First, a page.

How saying no to Cupid can be the key to our love life.
Romantic love, also called eros after the Greek name for Roman Cupid, has an essential and beautiful place in human life — that is, when it is properly ordered and disciplined. But there are also many instances when eros simply needs to be resisted, or rejected altogether. I propose, with no disrespect to the beauty of well-ordered eros — indeed, it is out of respect — to reflect on the importance of such rejection.
If we are to be true to ourselves, those around us, and to the divine plan for us, the simple fact is that most of us need to say no to eros at some point, and often again and again throughout our lives. What do I mean by eros? Here I mean romantic attraction, including the forms that can seem or even be, at least at first, very innocent.
As many have learned, perhaps to their surprise, being happily married does not preclude the possibility of romantic attraction to someone other than one’s spouse. Traditional norms of fidelity clearly prohibit extramarital physical intimacy. But the need to forego any romantic intimacy — which need not be physical — is not always apprehended. The marital commitment, itself the proper locus of eros, calls for a real exclusivity: not excluding all other relationships but indeed excluding any other romantic relationship.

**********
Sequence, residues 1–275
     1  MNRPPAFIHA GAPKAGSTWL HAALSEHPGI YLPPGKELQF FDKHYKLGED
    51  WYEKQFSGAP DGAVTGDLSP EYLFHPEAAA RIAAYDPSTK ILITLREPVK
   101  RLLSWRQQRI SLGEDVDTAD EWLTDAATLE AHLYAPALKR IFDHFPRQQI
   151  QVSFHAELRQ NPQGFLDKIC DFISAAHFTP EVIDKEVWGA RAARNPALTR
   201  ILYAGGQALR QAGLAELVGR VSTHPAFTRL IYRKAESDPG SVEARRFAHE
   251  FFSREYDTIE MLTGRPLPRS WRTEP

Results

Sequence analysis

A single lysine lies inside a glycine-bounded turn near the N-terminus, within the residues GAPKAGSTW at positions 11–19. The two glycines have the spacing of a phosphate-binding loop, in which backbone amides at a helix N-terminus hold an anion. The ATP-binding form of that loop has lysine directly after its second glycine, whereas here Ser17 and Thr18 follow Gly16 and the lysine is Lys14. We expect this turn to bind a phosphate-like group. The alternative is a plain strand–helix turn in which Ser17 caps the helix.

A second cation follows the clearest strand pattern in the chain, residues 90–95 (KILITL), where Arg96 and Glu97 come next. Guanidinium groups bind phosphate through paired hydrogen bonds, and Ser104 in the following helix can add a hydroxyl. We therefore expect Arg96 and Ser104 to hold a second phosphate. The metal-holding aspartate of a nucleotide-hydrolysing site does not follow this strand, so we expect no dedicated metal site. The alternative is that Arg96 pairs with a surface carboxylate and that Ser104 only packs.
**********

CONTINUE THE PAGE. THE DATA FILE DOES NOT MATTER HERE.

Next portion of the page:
It is thus that many of us who are married will have occasion to just say no to eros. It is incumbent upon all married persons, both away from and in the home, to cultivate habits of total fidelity. Our very demeanor, even while being warm and welcoming to others, must clearly proclaim that there is no place for Cupid here, for this heart is already bound to another.
But it is not only the married (and those whose vocation commits them to celibacy, by binding them to something or someone else) who must be prepared to say no. Common understanding and practice suggests that starting at the age of puberty, or at least soon thereafter, the high season for eros has arrived. In reality, most teenagers today (and indeed some post-teenagers) are not prepared for the challenges and demands of a romantic relationship. Given the intrinsic connection between eros and marriage, a reasonable readiness for marriage is a prerequisite for readiness for romance. It requires the maturity to understand that so much more than just the subjective experience of attraction, true eros is determined by one’s relationship to God as well as by the highest good of the one loved. In over two decades of working with college students, I have seen how many young people make the mistake of entering romantic relationships — often very exclusive ones — before they are ready to do so.
One of the greatest stories of tragic romantic love is that of Virgil’s Aeneas and Dido. Dido, the young widowed queen of Carthage, comes under Cupid’s sway when Aeneas is shipwrecked nearby. Falling in love, they live as though married; indeed, later Dido will claim that they were married. During their affair, both are forgetful of their duties: Aeneas of his mission to found Rome with the other survivors from Troy, and Dido of her plan to build up the city of Carthage. Seeing what is going on, Zeus sends Mercury to make clear to Aeneas that his romantic involvement is contrary to the divine plan and that he needs to get going toward Italy.
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